The "double standard" doesn't just apply to gender issues. As an author, I expect my agent to respond to my emails as though they were instant messages and online chats. I'm frustrated when she doesn't answer her phone. But I think nothing of being away from phone and computer for my own personal life. Thanks for reminding us that...(gasp!)...agents are people, too.
This reminds me of the comment folks will often make to their favorite writers: "Write faster!"
While, in theory, having a writer or editor or agent changed to his or her desk seven days a week might produce results, they won't be the results everyone is looking for.
Without a break, no one is free to regain our perspectives, which can get lost or blurred by too much routine.
Agents are businesspeople, but are also in a business partially focusing on creativity (assuming they represent fiction and nonfiction). Like writers, they time to close their eyes and open them again without having a computer screen in front of them.
All three groups (editors, agents, writers) need a change of pace, envrionment, and tasks to replace the energy we all pour into our work. For me, gardening, baking, hiking, and traveling refill the well.
So let the piles sit there. We are all better at our jobs when we leave the office behind. I'm off to Disneyworld Monday. Truthfully, I'd rather be writing! :)
Yet even when you're packed to the hilt with all of these "to-do's", you still manage to blog for those of us who substitute this URL for our cup of joe in the a.m.
Thanks for always taking the time to shoot a few words of encouragement or wisdom our way!
And hear-hear on taking time off to do recreational things (although I happen to find writing very recreational--grin).
I'm going to have lots of downtime this weekend, what with my son's baseball playoffs and "The Secret Life of Bees" movie coming out. And I plan on getting a few chapters under my belt with my pleasure read, THE OUTLANDER.
Thanks to this post, I can lay off the writing for a day or so and not feel guilty in the least.
Oh, and it's nice to hear that agents are only human. Although, I kind of suspected it all along. :-)
Have a relaxing weekend!
This post is nothing but a reminder to live our lives guilt-free. As a writer you are better when you have time to enjoy the life you are writing about.
Like Linda Hall said, "Amen!!"
I've been feeling guilty these past three weeks. I haven't been writing. Then I realized it's another part of my writing process. I'm spending large amounts of time on the phone talking, laughing, with my friends. I've even taking up flirting with a cute a guy. I've never felt so alive.
But this year I learned a very hard lesson--if you don't refill your well then your words will disappear. When times got hard I had nothing to fall back on, because I had tapped all my resources. It didn't just cripple my writing life, but my personal one.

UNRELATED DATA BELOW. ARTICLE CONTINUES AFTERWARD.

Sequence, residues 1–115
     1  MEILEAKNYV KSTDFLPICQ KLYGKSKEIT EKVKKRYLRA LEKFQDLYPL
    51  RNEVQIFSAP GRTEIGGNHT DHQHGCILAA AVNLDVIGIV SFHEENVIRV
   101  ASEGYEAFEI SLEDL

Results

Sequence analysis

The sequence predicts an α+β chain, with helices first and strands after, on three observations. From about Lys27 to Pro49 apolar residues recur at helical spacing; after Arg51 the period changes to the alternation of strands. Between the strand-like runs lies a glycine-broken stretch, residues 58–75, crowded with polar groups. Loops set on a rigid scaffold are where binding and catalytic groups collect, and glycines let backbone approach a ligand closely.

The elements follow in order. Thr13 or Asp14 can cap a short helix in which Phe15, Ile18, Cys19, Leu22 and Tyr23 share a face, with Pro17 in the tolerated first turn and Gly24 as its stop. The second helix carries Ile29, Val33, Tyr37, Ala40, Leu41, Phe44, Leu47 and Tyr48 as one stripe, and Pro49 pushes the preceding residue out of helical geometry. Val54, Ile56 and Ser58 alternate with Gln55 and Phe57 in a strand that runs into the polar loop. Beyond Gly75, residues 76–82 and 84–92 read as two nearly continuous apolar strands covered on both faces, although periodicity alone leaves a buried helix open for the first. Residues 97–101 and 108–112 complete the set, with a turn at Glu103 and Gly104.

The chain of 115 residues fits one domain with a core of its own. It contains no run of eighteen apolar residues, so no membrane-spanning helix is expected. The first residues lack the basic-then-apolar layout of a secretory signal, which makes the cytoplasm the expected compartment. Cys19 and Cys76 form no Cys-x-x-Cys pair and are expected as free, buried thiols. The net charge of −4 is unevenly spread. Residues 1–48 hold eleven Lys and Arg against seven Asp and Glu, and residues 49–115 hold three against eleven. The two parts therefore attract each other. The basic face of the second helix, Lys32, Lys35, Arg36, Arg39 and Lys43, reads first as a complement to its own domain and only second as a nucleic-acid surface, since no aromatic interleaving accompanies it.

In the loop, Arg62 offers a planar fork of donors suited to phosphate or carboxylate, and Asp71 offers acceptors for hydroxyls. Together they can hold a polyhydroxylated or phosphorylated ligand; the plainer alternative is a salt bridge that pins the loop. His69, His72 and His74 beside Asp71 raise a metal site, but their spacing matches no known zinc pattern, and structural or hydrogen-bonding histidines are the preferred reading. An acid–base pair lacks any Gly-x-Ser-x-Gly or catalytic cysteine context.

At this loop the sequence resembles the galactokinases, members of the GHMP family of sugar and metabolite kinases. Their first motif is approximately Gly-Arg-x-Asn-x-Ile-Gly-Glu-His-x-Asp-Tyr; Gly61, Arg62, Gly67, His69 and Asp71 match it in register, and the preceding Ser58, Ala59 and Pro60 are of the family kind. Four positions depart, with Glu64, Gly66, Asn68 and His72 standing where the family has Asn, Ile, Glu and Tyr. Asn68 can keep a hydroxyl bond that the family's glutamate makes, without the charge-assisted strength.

So I made myself a promise not only to keep my writing time sacred, but my personal time.
Here, here! Plenty of time to stress when a deadline looms--and it'll be tight no matter what you do ahead of time. :)
SO...have a great weekend!
I'm coming off of my down time. Weekends and evenings are when it's best for me to buckle down and get some work done! While I'm plowing between the margins, I'll think of you relaxing down with a book ;)
What a great post. Thanks so much. I tell myself this same thing from time to time, but there are other times when I need a reminder, when I need someone to point out that I shouldn't feel guilty for taking time off.
Right on! I could not have explained it better myself. This applies to editors and publishers as much as to agents. I find so little time to read for pleasure, but it actually is a vital part of keeping up with the industry and trends, and improving my job performance.
And let me join in the thanks to you for doing this blog. It's one of the very few I read religiously, and is always helpful and insightful.
When I was working as an accountant, I had to realize at some point that the work would be there tomorrow. And when I went home, I was home. I think it's a little harder as a writer. I work at home and even just surfing the internet, tends to be "work." But I agree there has to be some separation, especially when it comes to personal time.
130 query letter is a lot. And to think...you may only select one or two of them.
Good post. I've been working non-stop since July, with a four book deal, and a deadline of February. I've had to learn how to take a break. I'm not complaining at all, it's a great thing, but you have to make yourself aware about too much work. Otherwise quality suffers.